Yves Klein, born in Nice in 1928, was originally a judoka. In 1954, he finally turned to art and began his "Monochrome Adventure".
Driven by the idea of "freeing colour from the prison of the line", Yves Klein turned to monochrome because for him it was the only way of painting that allowed him to "see what was visible in the absolute".
Favouring the expression of sensitivity over figuration in form, Yves Klein went beyond any artistic representation and conceived the work of art as the trace of the artist's communication with the world. It is the invisible reality that becomes visible. His works are "the ashes of his art".
Yves Klein's work reveals a new conception of the artist's function. According to him, beauty already exists in an invisible state. His task is to capture it wherever it is, in the air and in matter. Yves Klein made his entire life a work of art: "Art is wherever the artist arrives.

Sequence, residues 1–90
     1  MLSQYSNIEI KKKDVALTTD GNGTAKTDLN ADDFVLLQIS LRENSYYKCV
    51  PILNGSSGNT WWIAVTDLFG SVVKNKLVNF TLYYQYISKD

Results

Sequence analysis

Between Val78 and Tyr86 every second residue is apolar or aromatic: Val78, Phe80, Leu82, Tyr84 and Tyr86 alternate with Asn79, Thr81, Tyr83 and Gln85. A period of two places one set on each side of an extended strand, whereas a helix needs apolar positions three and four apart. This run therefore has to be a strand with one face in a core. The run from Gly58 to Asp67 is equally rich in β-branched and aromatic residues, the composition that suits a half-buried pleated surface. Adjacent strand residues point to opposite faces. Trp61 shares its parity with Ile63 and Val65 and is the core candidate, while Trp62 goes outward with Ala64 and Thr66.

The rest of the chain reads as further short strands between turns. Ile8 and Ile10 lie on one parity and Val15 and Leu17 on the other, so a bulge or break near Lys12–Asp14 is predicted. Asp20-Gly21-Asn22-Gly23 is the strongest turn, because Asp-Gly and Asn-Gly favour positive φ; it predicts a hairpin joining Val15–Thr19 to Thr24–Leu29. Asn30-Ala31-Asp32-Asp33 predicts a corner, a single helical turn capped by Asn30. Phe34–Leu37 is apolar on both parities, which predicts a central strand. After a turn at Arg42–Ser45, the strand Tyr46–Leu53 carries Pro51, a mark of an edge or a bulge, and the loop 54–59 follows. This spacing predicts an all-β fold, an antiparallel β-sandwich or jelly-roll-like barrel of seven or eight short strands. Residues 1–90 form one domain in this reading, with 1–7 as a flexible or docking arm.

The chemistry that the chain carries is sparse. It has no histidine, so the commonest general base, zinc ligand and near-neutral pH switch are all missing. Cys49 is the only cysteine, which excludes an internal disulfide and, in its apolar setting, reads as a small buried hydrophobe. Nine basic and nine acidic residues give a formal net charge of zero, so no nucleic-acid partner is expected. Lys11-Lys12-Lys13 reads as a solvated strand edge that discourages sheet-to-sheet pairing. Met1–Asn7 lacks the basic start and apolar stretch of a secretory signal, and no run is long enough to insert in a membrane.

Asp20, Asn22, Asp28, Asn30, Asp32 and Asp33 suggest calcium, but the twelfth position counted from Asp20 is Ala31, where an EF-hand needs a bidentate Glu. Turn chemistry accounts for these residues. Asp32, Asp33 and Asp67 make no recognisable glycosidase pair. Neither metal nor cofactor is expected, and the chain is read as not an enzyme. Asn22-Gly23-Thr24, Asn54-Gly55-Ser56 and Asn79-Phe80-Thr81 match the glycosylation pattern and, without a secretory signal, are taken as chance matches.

In his quest for immateriality and infinity, Yves Klein adopted ultramarine blue as his vehicle. From this more-than-blue blue, which he named "IKB" (International Klein Blue), radiates a coloured vibration that does not only engage the viewer's gaze: it is the mind that sees with the eyes.
From his monochromes, to emptiness, to the "technique of living brushes" or "Anthropometry", to the use of elements of nature to manifest their creative force, or of gold, which he uses as a passage to the absolute, he has conceived a body of work that crosses the boundaries of conceptual art, body art and happening art.
Just before he died, Yves Klein confided to a friend: "I am going to enter the largest studio in the world. And I will only make immaterial works there.
Between May 1954 and 6 June 1962, the date of his death, Yves Klein burnt his life away to produce a flamboyant body of work that marked his era and still shines today.
Translated with www.DeepL.com/Translator (free version)
On view : 19 décembre - 4 mars 2023